Victoria Prooday, a Toronto occupational therapist and blogger specializing in child brain development and neuroplasticity, recently cited some alarming statistics about skyrocketing childhood depression, ADHD and teen suicide rates. Calling it a silent tragedy, she attributed the problem to an epidemic of well-meaning but bad parenting. Her post has been read over 10 million times, proving to her that the dilemma is real and prevalent.
What does this have to do with art? Victoria says that over-indulgence in kids’ screen time and a lack of delayed gratification is a recipe for poor problem-solving skills and stick-to-it-ness — abilities that artists know as the backbone of creativity and that everyone understands as the cornerstone of coping with life in general. Apparently, failing at stuff is where innovation is born, and in order to extract and advance the magic of being alive through life’s triumphs and challenges, we all benefit from an acquired quality called grit. Here lies the ability to push through the agony of not getting what we want, not winning right away and figuring out how to do stuff well. Look no further than how a painting is made if you’re still wondering what I’m talking about.
Victoria mentions a mother who came for parenting advice and described her six year-old, who avoided activities he thought tedious and challenging, like puzzles, painting, writing, chores and reading. He chronically asked for help or gave up on difficult tasks. As a result, the poor little guy was completely missing out on the fun of doing hard things. Add to this that easy things, like putting on clothes and going outside, were becoming increasingly tough. “Work ethic is similar to a muscle,” wrote Victoria. “It can be strengthened with proper training or weakened with misuse.” For parents of toddlers, she suggested early hardwiring for grit by making them peel their own banana. Like the harrowing uncertainty at the beginning of the creative cycle and the euphoria and authentic self-esteem earned when an idea is finally built and realized, eating your banana is the reward for peeling it.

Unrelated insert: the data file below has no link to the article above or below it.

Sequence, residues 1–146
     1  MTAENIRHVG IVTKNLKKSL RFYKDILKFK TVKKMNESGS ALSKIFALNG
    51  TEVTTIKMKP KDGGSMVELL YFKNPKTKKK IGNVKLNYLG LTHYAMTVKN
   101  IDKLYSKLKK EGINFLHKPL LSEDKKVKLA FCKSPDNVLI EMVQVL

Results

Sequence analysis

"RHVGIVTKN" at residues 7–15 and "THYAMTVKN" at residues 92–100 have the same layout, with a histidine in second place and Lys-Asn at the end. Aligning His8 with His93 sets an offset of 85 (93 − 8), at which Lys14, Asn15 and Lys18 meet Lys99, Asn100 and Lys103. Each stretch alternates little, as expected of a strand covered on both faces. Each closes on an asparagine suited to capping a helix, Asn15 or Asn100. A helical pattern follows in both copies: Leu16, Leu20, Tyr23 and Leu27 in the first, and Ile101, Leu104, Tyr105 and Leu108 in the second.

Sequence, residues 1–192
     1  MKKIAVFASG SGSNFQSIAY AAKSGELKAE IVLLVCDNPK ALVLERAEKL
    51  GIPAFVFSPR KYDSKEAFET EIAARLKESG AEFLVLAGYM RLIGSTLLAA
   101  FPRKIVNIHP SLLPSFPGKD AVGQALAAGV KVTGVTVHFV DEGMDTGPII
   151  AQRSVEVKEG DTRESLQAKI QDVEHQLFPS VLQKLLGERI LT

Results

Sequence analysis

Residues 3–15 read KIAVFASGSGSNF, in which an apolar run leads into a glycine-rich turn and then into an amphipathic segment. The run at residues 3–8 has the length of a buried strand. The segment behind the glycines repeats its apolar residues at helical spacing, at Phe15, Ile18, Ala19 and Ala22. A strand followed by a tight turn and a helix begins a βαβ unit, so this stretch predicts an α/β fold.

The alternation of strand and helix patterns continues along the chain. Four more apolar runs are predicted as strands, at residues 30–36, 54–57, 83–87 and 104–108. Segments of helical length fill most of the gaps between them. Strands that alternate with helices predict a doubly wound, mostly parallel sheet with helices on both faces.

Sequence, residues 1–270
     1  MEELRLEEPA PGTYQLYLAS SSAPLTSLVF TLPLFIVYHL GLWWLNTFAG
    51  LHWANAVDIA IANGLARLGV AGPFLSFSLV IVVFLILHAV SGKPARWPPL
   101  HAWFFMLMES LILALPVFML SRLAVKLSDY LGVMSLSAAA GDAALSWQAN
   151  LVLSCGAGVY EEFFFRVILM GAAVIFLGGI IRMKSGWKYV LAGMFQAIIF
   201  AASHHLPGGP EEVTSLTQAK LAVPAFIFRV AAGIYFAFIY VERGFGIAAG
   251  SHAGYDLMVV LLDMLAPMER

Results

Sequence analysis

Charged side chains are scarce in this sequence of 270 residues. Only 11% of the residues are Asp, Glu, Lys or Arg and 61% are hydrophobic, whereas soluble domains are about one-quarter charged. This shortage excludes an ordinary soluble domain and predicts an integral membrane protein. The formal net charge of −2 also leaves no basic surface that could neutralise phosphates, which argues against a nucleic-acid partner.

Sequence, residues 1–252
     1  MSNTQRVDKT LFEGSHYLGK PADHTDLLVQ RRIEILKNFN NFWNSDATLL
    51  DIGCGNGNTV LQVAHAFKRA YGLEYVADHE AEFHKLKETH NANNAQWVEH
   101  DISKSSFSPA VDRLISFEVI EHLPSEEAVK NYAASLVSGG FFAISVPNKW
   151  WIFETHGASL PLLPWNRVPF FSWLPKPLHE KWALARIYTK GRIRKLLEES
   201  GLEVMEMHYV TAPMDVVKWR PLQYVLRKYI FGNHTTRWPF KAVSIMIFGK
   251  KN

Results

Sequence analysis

PS: “Magic mostly happens when we push ourselves outside of our comfort zone, work hard through challenges and boredom.” (Victoria Prooday)
“Not he who begins, but he who perseveres.” (Leonardo da Vinci)
Esoterica: Spoil your kids not with a bump-free ride, but with a generous supply of the essentials of creativity: art supplies, writing and musical instruments, sure. Plus limited instruction, lots of privacy, uninterrupted time and the opportunity for failure. Leave them alone. Victoria describes this entertainment and trophy desert as “boredom.” Like art, other screenless stretches like gardening, knitting, hiking and woodworking also ask for continuous effort and are littered with ready-made emotional snags and mistakes before anything satisfying happens. “The bad news is that kids’ work ethic is in a crisis and we, parents, have a lot to do with it,” says Victoria. “The good news is that with proper training you can improve your child’s work ethic.”
“Life is filled with tedious work, delayed gratification, challenges, and responsibilities. It is mostly about doing what is needed to get what is wanted.” (Victoria Prooday)
Week-long workshop in gorgeous paradise retreat between Puerto Vallarta & Mazatlan, Mexico for beginning and intermediate students in oils (or acrylics with experience). You will learn how to create a painting with beautiful light that captures viewers’ attention and keeps them fascinated. Small group size guarantees personal attention.
While you’re busy creating art and exploring, your friendly hosts at Casa Buena will ensure that your stay is memorable. Outstanding accommodations, food, and field trips will satisfy your desire for both comfort and adventure. Spouses are welcome!
For more info, visit: http://www.casabuenaartretreat.com/Retreat_Carol.htm or contact Carole at: firstname.lastname@example.org or call: 001-757-678-3340 (EST).